When William Gallus was twelve years old, his hometown experienced a major flooding disaster. Though the town had built extensive concrete channels to control flooding, it couldn’t hold back a foot of overnight rainfall.
“I woke up and things were flooded in the city,” Gallus said. “I had already been interested in meteorology and it stuck with me how this happens a lot and we still have a hard time forecasting it ahead of time.”
Gallus, a professor of geological and atmospheric sciences, researches how to improve weather forecasting. Most of his work focuses on how thunderstorms and rain are forecasted at night.
But Gallus is also looking at forecasting in a very different weather scenario — drought and heat. His newest project, headed by Kristen Cetin, assistant professor of civil, construction and environmental engineering, will predict how city energy usage is affected by heat and drought.
Gallus will help predict future drought and heat scenarios by evaluating both historical climate data of the worst heat waves that have occurred in the past and climate model projections of heat waves that would occur in the future. In addition to traditional data sources, the project will also make use of data from school and home weather stations to look at the models at a neighborhood level scale. Though this data isn’t as accurate, by combining information they hope to get useful results.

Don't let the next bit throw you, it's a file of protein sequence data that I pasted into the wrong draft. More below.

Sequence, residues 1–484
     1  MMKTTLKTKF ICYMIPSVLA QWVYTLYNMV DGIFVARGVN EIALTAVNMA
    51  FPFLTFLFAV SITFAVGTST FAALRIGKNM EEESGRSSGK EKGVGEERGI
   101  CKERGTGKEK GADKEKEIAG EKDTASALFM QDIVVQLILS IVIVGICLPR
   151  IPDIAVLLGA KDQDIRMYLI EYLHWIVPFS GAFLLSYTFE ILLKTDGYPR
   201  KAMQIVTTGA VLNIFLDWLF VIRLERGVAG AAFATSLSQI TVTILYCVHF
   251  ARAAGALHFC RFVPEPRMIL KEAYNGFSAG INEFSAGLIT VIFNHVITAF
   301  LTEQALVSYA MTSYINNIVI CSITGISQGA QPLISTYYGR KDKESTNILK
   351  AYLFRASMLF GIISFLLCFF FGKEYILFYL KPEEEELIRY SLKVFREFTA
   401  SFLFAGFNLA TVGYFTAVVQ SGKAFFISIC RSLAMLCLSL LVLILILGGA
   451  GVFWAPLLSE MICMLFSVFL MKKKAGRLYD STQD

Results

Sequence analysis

“We’re going to push the limits and use some data types that people don’t often use,” Gallus said.
Yuyu Zhou, assistant professor of geological and atmospheric sciences, is also key to the collaborative project. Zhou, who came to Iowa State in 2015, specializes in physical geography and environmental sustainability with a focus on urban areas. In this project he will study how building energy use relates to climate change and extreme weather events. He will utilize a framework he developed for a previous project that models building energy use for the city of Des Moines and its approximately 260,000 buildings.
“We have different building types, like offices and hospitals and supermarkets, and they’re totally different in terms of building energy use,” he said. “We can model the building energy use in each building for the whole city, and based on that we can study how the extreme event impacts each city and also each building in that city.”
The energy use during drought and heat is especially a concern because of supply and demand issues. Drought and heat bring with them high-energy usage from air conditioning as well as other climate-dependent end-uses. But power plants need cold water, which can become scarce when a heat wave is accompanied by a drought.
“When you need the energy the most it’s the hardest to create,” Gallus said. “This project is trying to estimate what will happen in the future as the climate is warming.”
In addition, due in part to air conditioning and other energy use which releases heat to the environment, urban areas develop a phenomenon known as an urban heat island, in which an urbanized area maintains a higher temperature than a surrounding rural area.
“In big cities the temperature can be more than 10 degrees higher than the rural area,” Zhou said. “We must consider such issues for the future and how to build additional capacity for the generation to meet the increased demand of electricity due to an extreme weather event and the urban heat island.”